Tobacco News: No More Ugly Signs

At the end of last year, New York City’s health department created a rule requiring all bodegas, convenience stores, and tobacco shops to post some really gruesome signs of diseased lungs, brains and teeth – to discourage people from buying cigarettes.

Just this past June, the New York State Association of Convenience Stores joined forces with big tobacco’s big three (Philip Morris, Lorillard and R.J. Reynolds) to fight the rule  [queue star wars theme], saying that the rule violated the retailers’ First Amendment rights, and breached a law stating that only the federal government can regulate cigarette warnings and advertising.

While awaiting the ruling, the city had agreed that it would postpone enforcement of its rule until this weekend. However, even though the city agreed not to enforce the rule until this weekend, many retail shops had left the ugly signs in place anyway, probably out of fear the $100-$150 fine.

Well the convenience stores can take them down now with confidence. As of yesterday, Judge Jed S. Rakoff of United States District Court in Manhattan found that the rule violated federal law because only the federal government had the authority to regulate cigarette warnings and advertisements.

As reported by the New York Times,

“Judge Rakoff said that health officials had good reason to view smoking as a ‘public health threat,’ citing smoking as the leading cause of preventable death in New York City and the rest of the country. ‘Within New York City, roughly 7,500 people die from smoking annually — more than from AIDS, homicide and suicide combined,’ he wrote.

But Judge Rakoff also cited a federal law enacted in 1965, the Labeling Act, which gave the federal government exclusive authority over cigarette warnings. That law, he wrote, seeks to balance public and commercial interests: the federal government protects the public, but also sets clear and uniform cigarette regulations that protect ‘commerce and the national economy.’”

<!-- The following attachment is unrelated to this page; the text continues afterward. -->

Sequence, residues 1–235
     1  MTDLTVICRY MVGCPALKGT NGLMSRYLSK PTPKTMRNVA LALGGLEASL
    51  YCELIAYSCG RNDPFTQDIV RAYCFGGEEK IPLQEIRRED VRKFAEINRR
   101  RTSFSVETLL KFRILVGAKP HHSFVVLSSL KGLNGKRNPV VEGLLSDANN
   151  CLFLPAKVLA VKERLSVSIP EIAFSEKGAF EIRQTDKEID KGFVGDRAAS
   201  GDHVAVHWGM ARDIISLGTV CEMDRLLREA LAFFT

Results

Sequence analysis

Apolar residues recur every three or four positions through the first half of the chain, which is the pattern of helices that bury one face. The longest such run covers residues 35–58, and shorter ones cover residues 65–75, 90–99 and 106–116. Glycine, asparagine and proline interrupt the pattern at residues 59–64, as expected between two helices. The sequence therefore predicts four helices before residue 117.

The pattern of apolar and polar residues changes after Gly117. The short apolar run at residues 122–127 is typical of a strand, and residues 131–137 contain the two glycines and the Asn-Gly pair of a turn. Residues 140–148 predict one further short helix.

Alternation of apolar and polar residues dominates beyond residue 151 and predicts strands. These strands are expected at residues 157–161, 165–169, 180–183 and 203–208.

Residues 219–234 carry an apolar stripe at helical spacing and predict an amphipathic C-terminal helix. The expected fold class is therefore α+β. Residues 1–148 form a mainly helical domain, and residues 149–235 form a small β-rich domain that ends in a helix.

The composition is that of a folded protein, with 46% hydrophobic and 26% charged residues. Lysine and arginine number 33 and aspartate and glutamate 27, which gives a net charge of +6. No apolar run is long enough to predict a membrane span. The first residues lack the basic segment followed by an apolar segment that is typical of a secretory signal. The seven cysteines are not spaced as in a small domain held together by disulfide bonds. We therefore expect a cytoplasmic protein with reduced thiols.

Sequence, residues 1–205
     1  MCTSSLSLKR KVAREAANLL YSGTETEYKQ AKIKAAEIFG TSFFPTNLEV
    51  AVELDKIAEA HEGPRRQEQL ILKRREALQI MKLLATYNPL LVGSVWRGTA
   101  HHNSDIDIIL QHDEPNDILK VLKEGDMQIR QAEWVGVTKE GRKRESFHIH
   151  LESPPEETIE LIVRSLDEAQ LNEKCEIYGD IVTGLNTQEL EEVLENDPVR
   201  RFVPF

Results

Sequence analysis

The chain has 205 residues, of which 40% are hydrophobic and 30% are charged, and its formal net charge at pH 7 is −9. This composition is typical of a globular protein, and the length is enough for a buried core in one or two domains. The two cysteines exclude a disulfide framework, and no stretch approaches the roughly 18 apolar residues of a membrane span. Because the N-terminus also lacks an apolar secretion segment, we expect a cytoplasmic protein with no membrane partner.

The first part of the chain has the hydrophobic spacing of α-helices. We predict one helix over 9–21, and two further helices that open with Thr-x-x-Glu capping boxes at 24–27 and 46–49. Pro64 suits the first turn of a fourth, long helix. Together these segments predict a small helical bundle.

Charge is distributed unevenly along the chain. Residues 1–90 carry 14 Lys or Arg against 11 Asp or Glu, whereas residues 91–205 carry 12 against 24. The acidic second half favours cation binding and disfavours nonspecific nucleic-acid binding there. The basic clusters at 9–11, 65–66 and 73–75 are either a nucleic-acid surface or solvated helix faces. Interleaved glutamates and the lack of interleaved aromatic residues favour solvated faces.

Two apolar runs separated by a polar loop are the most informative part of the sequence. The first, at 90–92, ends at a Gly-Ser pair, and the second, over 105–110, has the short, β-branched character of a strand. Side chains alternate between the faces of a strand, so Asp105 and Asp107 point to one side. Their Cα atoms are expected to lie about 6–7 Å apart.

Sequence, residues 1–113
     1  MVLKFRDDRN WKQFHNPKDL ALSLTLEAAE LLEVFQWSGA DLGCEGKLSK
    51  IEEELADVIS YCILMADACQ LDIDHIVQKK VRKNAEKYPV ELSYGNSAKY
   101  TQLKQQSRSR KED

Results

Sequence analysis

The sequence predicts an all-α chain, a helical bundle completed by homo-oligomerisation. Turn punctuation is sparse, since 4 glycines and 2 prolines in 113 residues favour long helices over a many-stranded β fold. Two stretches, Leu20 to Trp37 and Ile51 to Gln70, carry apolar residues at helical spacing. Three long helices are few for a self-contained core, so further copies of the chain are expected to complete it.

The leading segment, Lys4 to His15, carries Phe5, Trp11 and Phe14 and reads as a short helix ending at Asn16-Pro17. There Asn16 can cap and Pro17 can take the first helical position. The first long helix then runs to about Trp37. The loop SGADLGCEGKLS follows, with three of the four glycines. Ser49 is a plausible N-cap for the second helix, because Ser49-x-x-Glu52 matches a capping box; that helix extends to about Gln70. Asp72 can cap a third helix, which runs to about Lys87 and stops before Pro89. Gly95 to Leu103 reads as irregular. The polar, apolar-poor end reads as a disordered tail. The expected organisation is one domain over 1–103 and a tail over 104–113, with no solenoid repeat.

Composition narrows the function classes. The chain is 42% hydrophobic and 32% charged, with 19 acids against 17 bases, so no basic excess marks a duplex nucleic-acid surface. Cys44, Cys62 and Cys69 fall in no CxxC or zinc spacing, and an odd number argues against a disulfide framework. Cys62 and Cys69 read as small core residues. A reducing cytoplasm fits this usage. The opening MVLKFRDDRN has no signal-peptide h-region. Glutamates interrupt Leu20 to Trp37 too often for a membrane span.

Judge Rakoff cited to a provision in the Labeling Act that prohibited any state laws from conflicting with the federal government’s policies on cigarette warnings and advertisements. Looks like New York City’s health department overstepped their regulatory boundaries by trying to regulate cigarette warnings, something that is the exclusive responsibility of the Federal government. So, the city’s placard policy is illegal.

The NYC health department isn’t happy and said they’re going to appeal the decision. They also said that tobacco companies who are “trying to prevent these messages from being seen should be ashamed of themselves.”

I think that the NYC health department should be the ones shamed. They’re trying to overstep their boundaries with respect to the First Amendment (compelled speech) infringing on an exclusively Federal responsibility, and waste NYC taxpayer dollars in appealing this decision, all at the expense of small businesses. Epic fail.

Via New York Times

Speaking of small businesses, please support your local B&M!

Don’t where I can fit this in but, here’s a $10 coupon to Famous Smoke Shop – so happy New Year!